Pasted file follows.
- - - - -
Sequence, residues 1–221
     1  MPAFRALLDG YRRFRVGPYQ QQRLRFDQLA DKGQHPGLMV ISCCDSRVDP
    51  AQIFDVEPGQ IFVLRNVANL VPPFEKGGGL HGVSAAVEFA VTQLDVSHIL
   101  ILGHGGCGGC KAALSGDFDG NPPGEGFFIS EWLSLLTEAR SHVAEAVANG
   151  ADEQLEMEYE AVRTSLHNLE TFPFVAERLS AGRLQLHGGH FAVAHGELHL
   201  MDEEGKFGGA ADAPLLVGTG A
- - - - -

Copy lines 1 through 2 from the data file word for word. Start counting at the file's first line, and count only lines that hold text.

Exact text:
Sequence, residues 1–221
     1  MPAFRALLDG YRRFRVGPYQ QQRLRFDQLA DKGQHPGLMV ISCCDSRVDP